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Presenter: Raphael, Meier, Geneva, Switzerland
Authors: Raphael Meier1,2, Redouan Mahou4, Philippe Morel1,2, Yannick Muller1,2, Panayiotis Christofilopoulos3, Christine Wandrey4, Carmen Gonelle-Gispert2, Léo Bühler1,2
Encapsulated human multipotent mesenchymal stromal cells maintain differentiation capacity and have anti-fibrotic effects
Raphael Meier1,2, Redouan Mahou4, Philippe Morel1,2, Yannick Muller1,2, Panayiotis Christofilopoulos3, Christine Wandrey4, Carmen Gonelle-Gispert2, Léo Bühler1,2
1Visceral and Transplantation Surgery, Geneva University Hospitals, Geneva; 2Surgical Research Unit, University of Geneva Medical School, Geneva; 3Orthopaedics and Trauma Surgery, Geneva University Hospitals, Geneva; 4Institute of Bioengineering and Institute of Chemical Sciences and Engineering, Ecole Polytechnique Fédérale de Lausanne, Lausanne, Switzerland
Introduction: Human multipotent mesenchymal stromal cells (MSC) secrete anti-inflammatory cytokines such IL1ra. We have tested the viability, proliferation and differentiation capacity of human MSC after microencapsulation in vitro. To test the anti-inflammatory effect in vivo, we transplanted encapsulated human MSC into mice with liver fibrosis.
Materials and methods: Human bone marrow-derived MSC were isolated from femoral heads of patients undergoing total hip replacement. MSC (at passage 2) were microencapsulated using a novel alginate-poly(ethylene glycol) hybrid hydrogel (0.4 mm). In vitro, we analyzed viability, proliferation, and differentiation capacity of encapsulated MSC. In vivo, we transplanted encapsulated MSC or empty capsules into the peritoneum of DBA-1 mice with liver fibrosis induced by bile duct ligation. Liver fibrosis was evaluated after 5 days by quantification of collagen deposition on liver sections using the MetaMorph software.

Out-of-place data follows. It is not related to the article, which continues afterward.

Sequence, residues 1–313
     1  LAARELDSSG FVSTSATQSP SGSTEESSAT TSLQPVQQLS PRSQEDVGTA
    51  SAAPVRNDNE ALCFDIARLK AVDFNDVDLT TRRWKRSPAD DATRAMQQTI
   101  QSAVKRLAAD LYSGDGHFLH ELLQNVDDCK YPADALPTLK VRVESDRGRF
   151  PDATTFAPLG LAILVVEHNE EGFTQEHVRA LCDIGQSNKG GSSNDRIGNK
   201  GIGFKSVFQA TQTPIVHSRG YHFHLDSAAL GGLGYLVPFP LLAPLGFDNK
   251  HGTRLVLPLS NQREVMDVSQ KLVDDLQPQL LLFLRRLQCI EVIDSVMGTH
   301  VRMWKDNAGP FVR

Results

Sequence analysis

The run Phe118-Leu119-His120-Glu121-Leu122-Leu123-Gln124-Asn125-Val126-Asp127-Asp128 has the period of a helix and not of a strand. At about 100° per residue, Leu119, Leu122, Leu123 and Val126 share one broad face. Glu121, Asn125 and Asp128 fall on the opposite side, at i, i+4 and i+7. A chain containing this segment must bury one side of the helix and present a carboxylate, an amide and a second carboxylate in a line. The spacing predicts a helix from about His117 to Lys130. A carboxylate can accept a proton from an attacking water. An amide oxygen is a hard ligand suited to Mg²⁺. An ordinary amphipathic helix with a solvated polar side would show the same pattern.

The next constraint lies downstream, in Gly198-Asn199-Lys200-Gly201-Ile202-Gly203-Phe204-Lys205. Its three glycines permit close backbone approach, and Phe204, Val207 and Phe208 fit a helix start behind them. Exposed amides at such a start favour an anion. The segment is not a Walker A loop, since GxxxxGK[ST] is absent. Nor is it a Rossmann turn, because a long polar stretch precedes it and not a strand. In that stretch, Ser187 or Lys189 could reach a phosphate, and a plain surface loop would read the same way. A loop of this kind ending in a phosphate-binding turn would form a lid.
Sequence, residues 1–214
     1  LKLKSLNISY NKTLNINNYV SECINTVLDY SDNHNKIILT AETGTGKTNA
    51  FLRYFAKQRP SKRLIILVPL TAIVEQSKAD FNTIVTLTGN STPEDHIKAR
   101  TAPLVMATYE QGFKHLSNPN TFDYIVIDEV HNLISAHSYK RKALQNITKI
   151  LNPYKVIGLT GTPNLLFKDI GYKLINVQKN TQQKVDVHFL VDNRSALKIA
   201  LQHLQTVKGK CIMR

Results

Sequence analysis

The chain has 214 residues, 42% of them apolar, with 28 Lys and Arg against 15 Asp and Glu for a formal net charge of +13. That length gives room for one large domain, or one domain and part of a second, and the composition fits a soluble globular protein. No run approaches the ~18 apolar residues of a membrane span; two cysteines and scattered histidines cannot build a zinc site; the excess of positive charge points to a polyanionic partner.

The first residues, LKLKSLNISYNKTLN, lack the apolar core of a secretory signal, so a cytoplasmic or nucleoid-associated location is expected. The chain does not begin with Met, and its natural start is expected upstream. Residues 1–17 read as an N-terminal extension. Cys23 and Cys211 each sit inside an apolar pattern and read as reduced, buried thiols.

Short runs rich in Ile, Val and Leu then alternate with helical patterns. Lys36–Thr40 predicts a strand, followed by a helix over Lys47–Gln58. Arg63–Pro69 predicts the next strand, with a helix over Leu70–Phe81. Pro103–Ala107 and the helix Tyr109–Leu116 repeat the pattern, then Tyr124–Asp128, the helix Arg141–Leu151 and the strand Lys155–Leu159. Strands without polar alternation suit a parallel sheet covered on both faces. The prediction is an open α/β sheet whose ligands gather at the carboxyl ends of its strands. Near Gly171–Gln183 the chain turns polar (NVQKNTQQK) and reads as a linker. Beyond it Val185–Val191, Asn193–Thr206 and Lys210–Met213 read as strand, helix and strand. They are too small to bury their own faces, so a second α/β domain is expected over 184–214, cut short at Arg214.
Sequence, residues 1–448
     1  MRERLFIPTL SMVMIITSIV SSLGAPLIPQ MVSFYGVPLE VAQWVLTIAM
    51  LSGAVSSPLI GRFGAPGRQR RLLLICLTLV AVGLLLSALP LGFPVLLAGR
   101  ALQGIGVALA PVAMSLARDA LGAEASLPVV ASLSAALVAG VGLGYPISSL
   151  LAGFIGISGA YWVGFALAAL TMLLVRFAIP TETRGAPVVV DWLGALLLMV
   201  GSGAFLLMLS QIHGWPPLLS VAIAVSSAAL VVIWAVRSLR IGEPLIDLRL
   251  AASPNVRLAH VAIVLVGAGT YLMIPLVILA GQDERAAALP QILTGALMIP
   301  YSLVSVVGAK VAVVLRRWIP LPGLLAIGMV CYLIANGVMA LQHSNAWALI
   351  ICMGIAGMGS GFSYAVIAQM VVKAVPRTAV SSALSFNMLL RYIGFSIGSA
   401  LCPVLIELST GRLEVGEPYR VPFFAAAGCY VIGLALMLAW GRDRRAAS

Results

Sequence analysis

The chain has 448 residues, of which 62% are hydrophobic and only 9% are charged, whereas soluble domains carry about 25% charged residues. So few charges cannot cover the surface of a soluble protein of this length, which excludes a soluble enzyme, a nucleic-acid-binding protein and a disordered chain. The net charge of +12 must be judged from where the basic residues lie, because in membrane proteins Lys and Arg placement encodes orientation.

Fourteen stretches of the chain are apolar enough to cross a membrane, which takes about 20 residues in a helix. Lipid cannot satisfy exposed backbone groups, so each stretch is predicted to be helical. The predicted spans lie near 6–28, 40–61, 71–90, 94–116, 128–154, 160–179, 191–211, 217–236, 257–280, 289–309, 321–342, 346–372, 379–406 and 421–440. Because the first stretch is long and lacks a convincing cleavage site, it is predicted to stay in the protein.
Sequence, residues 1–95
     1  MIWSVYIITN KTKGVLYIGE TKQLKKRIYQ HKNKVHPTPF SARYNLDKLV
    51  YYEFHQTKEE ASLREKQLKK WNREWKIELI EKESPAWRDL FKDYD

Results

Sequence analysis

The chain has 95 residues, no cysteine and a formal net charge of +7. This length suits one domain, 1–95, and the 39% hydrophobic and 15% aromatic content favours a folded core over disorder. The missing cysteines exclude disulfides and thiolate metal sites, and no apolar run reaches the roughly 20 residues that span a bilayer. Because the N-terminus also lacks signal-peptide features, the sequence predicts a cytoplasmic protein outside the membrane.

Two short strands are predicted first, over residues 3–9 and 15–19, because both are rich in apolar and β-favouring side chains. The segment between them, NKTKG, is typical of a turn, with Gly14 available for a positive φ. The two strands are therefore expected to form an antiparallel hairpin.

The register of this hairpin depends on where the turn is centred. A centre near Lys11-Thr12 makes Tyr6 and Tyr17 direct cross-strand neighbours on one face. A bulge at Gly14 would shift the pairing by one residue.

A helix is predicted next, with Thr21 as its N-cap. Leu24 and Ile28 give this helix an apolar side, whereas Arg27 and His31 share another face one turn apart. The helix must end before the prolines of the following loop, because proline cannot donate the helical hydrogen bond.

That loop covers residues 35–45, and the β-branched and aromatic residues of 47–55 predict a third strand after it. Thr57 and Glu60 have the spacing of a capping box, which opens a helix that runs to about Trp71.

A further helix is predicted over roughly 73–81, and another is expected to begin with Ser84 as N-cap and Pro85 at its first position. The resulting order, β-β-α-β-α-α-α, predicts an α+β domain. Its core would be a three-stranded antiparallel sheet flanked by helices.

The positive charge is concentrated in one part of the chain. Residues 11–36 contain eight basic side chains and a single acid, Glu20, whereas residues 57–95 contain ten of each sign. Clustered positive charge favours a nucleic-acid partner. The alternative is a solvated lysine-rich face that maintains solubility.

Results: The viability and proliferation of encapsulated MSC was similar when compared to non-encapsulated MSC. When exposed to specific medium, MSC maintained their capacity to differentiate into adipocytes within the capsules (14.8% ± 3.7 of MSC after two weeks of culture versus 18.02 ± 7.3% among non-encapsulated cells, p= 0.7). In vivo, encapsulated MSC were viable and vimentin positive at 26 days after intraperitoneal transplantation in DBA-1 mice. When transplanted in mice with bile duct ligation, encapsulated MSC significantly delayed the development of liver fibrosis compared to empty capsules, i.e. the collagen deposition per hepatocyte was reduced from 3.6% ± 0.4% to 2.4% ± 0.2% (p = 0.029).
Conclusion: Transplantation of encapsulated MSC represents a promising strategy for local and systemic delivery of anti-inflammatory and immuomodulatory molecules secreted by MSC.
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